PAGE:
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The National Association of State Retirement Administrators has published a February 2014 brief on cost of living adjustments (COLA) for state and local retirement income.

Most state and local governments provide a COLA for the purpose of offsetting or reducing the effects of inflation, which erodes the purchasing power of retirement income. Such depreciation can affect the sufficiency of retirement benefits, particularly for those who are unable to supplement their income due to disability or advanced age.

Social Security beneficiaries are provided an annual COLA to maintain recipients’ purchasing power. Similarly, most state and local governments provide an inflation adjustment to their retiree pension benefits.

Week eight (March 3 - 8) is over and just six days remain until the Legislature adjourns -- Thursday of next week.  After 5 PM today, March 7, the only remaining business will be finalizing the budget, bill necessary to implement the budget, and reconciling the differences between bill that have passed both the Senate and the House.

At this point, it continues to appear that LEOFF 1 has not been impacted or hurt by actions during this session. 

We are reproducing here part of the WACOPS legislative summary for the week.  Our focus is on pension matters, so we have excluded a number of other areas dealing with now pension issues. Although LEOFF 1 and WACOPS have disagreed over issues in the past, we have no current issues and they produce an excellent review of legislative activity. 

Week 7 ended on February 28th.  So far, nothing has surfaced in this legislative session that we see as a threat to LEOFF 1.  This late in the session we are beginning to think we will get through the entire session without any big issues. The following is a report on Week 7 by Jamie Daniels of WACOPS.

February 28th was the last day for bills from the opposite chamber to pass out of policy committees. March 3rd will be the last day for fiscal bills to pass. March 7th will be the last day for legislation to be passed on the floor by the House and Senate. Remember that there are always exceptions to these cut off dates. The most notable exception are bills that are necessary to implement to budget (NTIB).
WACOPS issues a weekly report on the Legislative Session.  While in past sessions we have found ourselves in conflict with some WACOPS policies, we still share many of the same goals.  They have a paid staff in Olympia and do a good job of covering the legislature.  As always, we will point out and disagreements in policy issue, but as of now we have no policy conflicts.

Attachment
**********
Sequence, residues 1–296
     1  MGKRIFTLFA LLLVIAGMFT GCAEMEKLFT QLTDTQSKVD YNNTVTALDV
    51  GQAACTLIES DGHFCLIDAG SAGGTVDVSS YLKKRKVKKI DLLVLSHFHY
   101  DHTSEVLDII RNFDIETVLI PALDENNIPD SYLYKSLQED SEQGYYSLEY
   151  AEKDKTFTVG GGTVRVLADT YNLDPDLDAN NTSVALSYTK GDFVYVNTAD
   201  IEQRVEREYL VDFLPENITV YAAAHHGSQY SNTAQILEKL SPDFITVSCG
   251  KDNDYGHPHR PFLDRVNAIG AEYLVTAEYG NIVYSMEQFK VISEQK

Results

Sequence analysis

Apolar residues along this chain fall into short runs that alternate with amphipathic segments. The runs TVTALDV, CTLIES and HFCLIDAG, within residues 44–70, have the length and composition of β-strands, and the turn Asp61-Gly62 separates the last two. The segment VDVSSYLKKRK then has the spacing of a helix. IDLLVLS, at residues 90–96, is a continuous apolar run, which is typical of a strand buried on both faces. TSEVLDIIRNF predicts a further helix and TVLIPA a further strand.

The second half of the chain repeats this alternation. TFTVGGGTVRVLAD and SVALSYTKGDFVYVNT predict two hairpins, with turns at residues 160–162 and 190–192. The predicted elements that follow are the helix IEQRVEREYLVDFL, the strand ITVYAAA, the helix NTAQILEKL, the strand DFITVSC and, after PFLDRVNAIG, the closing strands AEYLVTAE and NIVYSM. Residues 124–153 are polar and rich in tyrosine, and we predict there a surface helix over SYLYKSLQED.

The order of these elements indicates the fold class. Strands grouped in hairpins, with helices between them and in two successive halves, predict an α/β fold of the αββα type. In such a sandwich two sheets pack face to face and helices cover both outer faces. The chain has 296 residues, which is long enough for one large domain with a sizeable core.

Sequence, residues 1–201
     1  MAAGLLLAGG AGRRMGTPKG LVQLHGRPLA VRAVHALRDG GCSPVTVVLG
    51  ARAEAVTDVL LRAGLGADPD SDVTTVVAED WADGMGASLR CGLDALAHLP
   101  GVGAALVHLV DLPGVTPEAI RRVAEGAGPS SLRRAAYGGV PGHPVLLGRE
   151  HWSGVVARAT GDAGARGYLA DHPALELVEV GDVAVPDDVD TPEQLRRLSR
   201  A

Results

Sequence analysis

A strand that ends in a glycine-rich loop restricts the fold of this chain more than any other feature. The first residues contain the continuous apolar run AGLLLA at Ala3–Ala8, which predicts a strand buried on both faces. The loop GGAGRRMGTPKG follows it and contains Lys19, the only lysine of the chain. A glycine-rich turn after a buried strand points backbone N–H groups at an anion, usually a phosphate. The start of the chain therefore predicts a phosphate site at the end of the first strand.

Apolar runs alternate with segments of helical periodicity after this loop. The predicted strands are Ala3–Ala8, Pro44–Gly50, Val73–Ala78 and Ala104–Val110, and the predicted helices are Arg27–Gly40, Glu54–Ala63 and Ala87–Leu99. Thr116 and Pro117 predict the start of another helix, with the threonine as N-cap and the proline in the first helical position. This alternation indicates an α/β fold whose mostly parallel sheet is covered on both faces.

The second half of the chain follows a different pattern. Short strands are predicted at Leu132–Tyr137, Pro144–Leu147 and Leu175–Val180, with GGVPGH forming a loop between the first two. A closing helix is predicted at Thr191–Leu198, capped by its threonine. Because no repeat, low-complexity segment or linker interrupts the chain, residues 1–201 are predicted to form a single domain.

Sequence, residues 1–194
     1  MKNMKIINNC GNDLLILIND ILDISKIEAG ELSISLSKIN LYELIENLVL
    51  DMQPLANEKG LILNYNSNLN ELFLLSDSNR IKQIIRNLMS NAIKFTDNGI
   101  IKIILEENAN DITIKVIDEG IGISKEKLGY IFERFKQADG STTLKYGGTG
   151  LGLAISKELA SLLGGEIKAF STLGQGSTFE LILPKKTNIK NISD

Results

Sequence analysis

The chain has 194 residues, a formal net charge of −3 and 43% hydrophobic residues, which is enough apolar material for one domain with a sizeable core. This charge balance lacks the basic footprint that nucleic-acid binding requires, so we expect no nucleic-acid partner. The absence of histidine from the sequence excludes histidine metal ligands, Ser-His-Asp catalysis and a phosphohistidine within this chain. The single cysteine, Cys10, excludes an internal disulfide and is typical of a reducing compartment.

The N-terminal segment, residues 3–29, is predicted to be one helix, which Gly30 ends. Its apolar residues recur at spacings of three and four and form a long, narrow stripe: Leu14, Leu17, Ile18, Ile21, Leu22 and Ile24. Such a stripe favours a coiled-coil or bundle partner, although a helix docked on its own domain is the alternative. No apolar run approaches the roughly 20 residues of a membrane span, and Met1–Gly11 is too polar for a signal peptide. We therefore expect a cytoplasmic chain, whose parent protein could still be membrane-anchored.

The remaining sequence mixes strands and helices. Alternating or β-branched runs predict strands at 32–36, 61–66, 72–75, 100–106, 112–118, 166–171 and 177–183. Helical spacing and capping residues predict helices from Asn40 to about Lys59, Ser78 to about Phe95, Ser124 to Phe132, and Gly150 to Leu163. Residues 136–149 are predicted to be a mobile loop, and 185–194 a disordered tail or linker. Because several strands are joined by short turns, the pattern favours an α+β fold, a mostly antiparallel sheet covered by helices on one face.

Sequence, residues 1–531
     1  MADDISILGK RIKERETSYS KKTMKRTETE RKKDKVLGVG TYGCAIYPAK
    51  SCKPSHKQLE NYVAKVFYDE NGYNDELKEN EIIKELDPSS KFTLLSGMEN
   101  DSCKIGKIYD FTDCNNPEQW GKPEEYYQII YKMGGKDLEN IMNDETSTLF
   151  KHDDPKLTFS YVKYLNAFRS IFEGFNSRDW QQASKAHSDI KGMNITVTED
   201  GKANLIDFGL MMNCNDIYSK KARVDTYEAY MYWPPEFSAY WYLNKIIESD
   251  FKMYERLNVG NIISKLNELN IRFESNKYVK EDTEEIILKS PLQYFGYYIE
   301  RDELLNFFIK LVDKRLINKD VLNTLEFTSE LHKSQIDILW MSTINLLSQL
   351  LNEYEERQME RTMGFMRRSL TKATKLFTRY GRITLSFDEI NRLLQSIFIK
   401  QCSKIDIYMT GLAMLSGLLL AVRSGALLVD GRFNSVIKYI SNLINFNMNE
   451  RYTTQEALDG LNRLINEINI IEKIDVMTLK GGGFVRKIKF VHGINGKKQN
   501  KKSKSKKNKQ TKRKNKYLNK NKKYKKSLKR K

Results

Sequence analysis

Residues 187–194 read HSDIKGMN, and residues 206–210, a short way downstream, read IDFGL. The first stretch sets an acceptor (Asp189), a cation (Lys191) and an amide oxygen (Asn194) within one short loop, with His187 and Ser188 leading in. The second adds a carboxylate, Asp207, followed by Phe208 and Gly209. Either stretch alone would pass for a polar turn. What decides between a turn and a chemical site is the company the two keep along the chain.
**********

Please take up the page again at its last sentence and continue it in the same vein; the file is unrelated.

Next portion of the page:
At this point we are one-third of the way through the 60-day Legislative Session. Committees are in full swing this week and next in the run up to the first bill cutoff on Friday, February 7th.

Any policy bill that is not necessary for the implementation of the budget must be passed out of its original committee by that date.
The 2014 Legislative Session was called to order on Monday January 13, 2014. The session is scheduled for sixty days in the even numbered years. This being an election year, the goal for our elected officials will be to complete the business in sixty days. Education funding is always an issue especially now with the Supreme Court McCleary  Decision, a mandate to fully fund K -12 education by 2018. With the talk of a huge transportation package I’m sure the threat of a ten cent increase in the gas tax is on the voter’s minds. It seems like yesterday we had an increase in the gas tax of nine cents a gallon. One has to wonder how we built and maintained the highways, bridges and other infrastructure years ago when gas was twenty-four cents a gallon and fewer car owners were purchasing gas.

Well, it has been a quiet lull as the legislature has been out of session.  But with a new session about to begin, it is time to be on the alert. 

So far the only thing that has surfaced is a proposal being brought forward by the LEOFF 2 Board that would restrict the opportunity of a retired LEOFF member to be re-hired in a similar capacity by any organization that is within the system.

Fall Update

There is really no news to report right now.  The legislature is having a very short special session and quickly moved to grant the largest tax incentive ever by giving Boeing 8.7 billion in tax waivers.  That was not enough to convince the union to go along with the proposed contract.  So now we just wait and see what happens.  The good news is that no one has come up with any proposals that impact LEOFF 1.  The regular session will start in January so we will be closely tracking things to see if anything pops up.  Hopefully the current calm will continue.

Summer Update

It has been a real delight to have the legislature out of session.  That has provided a bit of extra time to enjoy this great summer.  We have had our ears to the ground, and so far, the have been no indications of any planned legislation that might impact LEOFF 1. 

However, that does not mean it is not on some people’s minds.  While SB 5916 did die in the last session, the bill is primarily focused on so called “pension spiking” or “excess compensation”. more...
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